Honestly Kid

by Daniel Damkoehler


2nd thoughts

Confessions of an Audience Member

Rod Serling Never Braved the TwitterZone

Rod Serling Never Braved the TwitterZone

I should know bet­ter. As a guy with two the­atre degrees, I know first hand the ter­rors (and joys) of putting one­self and one’s work before an audi­ence. You can try to tell your­self that you don’t ‘need’ or even ‘want’ their approval, but the truth is you would­n’t be there at all if you did­n’t. Rod Serling’s voice is under any live pre­sen­ta­tion say­ing “sub­mit­ted for your approval” to the audi­ence.

I should know bet­ter. I have pre­sent­ed ideas, prod­ucts, plans, and research to groups small and large. I’ve nev­er been a paid con­fer­ence speak­er, but I have been paid to make sure pre­sen­ta­tions go well.

I should know bet­ter than to make a snarky com­ment pub­licly just because it struck me as fun­ny for a fleet­ing moment. Apparently I did­n’t know bet­ter at the Web 2.0 Expo last Wednesday in New York.

danah boyd, a researcher at Microsoft Research New England and a Fellow at the Harvard Berkman Center for Internet and Society whose blog and arti­cles I’ve dipped into from time-to-time, was off to a rough start with her pre­sen­ta­tion and well… I was dis­tract­ed by the Twitterwall backchan­nel and stu­pid­ly tweet­ed the first snarky com­ment that came into my head includ­ing the con­fer­ence hash­tag.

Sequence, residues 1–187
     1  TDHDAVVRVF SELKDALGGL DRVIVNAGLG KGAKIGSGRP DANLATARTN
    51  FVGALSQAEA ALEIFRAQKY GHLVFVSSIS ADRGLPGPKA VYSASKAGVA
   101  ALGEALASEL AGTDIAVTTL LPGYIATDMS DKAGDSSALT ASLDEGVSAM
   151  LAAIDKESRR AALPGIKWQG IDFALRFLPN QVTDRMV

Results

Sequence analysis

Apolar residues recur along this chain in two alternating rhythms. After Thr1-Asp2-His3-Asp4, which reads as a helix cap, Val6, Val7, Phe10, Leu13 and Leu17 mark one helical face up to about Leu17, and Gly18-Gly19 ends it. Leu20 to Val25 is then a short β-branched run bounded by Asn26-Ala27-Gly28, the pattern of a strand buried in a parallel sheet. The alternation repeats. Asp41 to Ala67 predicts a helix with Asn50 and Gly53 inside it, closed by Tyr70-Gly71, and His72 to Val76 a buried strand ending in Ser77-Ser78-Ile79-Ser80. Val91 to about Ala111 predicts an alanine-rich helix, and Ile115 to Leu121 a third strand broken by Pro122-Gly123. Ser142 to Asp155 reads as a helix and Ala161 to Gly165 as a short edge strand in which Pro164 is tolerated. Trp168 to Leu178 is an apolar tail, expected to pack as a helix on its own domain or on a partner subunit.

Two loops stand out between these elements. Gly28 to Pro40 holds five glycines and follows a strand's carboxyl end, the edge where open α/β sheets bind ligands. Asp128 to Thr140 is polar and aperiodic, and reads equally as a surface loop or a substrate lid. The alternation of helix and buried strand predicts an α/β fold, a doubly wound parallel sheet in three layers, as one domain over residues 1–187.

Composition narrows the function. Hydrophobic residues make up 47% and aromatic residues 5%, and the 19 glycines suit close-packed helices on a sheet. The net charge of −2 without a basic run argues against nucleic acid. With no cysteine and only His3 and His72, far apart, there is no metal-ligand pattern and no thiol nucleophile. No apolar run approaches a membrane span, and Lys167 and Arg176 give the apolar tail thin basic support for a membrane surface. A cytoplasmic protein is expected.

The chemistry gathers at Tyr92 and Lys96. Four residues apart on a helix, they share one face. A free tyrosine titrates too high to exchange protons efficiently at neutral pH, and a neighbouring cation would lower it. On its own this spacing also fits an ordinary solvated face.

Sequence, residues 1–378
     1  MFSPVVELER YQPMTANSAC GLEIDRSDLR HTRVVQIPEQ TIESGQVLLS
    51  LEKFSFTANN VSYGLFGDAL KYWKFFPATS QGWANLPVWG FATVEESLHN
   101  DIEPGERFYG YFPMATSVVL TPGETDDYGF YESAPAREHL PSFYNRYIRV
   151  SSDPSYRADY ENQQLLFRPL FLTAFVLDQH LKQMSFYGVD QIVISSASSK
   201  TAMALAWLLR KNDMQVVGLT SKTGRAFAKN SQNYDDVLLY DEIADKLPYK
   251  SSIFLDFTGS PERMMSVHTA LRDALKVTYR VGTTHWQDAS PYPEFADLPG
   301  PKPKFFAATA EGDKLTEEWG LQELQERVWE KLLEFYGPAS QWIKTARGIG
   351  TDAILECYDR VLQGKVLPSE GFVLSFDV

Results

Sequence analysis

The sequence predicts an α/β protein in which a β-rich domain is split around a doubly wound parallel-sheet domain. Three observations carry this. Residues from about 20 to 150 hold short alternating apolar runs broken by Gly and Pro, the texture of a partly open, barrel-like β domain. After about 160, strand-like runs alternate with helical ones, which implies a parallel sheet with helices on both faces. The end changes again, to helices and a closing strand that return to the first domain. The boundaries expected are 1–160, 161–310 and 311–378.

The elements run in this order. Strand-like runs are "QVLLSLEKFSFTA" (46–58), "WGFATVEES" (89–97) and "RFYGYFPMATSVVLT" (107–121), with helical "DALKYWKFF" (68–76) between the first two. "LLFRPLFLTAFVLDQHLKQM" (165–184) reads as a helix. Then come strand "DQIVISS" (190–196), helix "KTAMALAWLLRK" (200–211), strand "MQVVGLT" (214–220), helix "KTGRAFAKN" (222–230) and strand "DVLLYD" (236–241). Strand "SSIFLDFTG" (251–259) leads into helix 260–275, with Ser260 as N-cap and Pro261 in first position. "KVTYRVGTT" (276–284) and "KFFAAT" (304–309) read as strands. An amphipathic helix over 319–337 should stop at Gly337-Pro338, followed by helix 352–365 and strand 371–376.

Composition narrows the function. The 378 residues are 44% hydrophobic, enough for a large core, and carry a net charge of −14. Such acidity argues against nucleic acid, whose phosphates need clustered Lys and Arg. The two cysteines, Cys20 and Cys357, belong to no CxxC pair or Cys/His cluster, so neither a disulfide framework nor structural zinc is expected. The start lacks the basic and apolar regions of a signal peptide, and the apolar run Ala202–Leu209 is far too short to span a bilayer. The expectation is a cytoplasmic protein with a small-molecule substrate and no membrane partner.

After a busy cou­ple of days work­ing and trav­el­ing I logged on Friday and real­iz­ing the error in my ways, expunged my Twitter account of the snarky com­ment and apol­o­gized to Danah on her blog via the com­ments.

Since then, Ilana Arazie at Social Times took anoth­er look at the Web 2.0 Expo Twitter Circus and Danah Boyd post­ed about what hap­pened from her per­spec­tive.

Now, my com­ment was­n’t the worst of the bunch (you can find it quot­ed on a cou­ple of blogs about the event if you try), but for me that’s not the point. I want to know what went wrong in my wiring as an audi­ence mem­ber. Was it a fas­ci­na­tion with the pow­er of the new tech­nol­o­gy (this was my first Twitterwall expe­ri­ence)? Was I tempt­ed by the chance to mock some­one with­out her know­ing? Look, I’m not hid­ing from the fact that I’ve been a bit of a wiseass my whole life, but I haven’t been rude or a scene steal­er.

My con­fes­sion here is that I sim­ply don’t know why I joined in the snark­fest. I want­ed to hear what danah Bbyd had to say. I want­ed to be chal­lenged after some rel­a­tive­ly light weight keynotes (no offense to the oth­er speak­ers, but boyd they ain’t). Much of the active online dis­cus­sion around the event has involved known speak­ers or aspir­ing speak­ers, but rel­a­tive­ly few audi­ence mem­bers. Perhaps oth­er audi­ence mem­bers have already moved on to the next event or it just was­n’t such a big deal to them or maybe they just don’t think about this stuff. My guess is that most of us don’t know why it all hap­pened, we twit­tered and tit­tered and indulged in the pow­er­ful igno­rance and juve­nile behav­ior of the crowd-mind with­out real­ly choos­ing to and made up our excus­es or denials as we went along.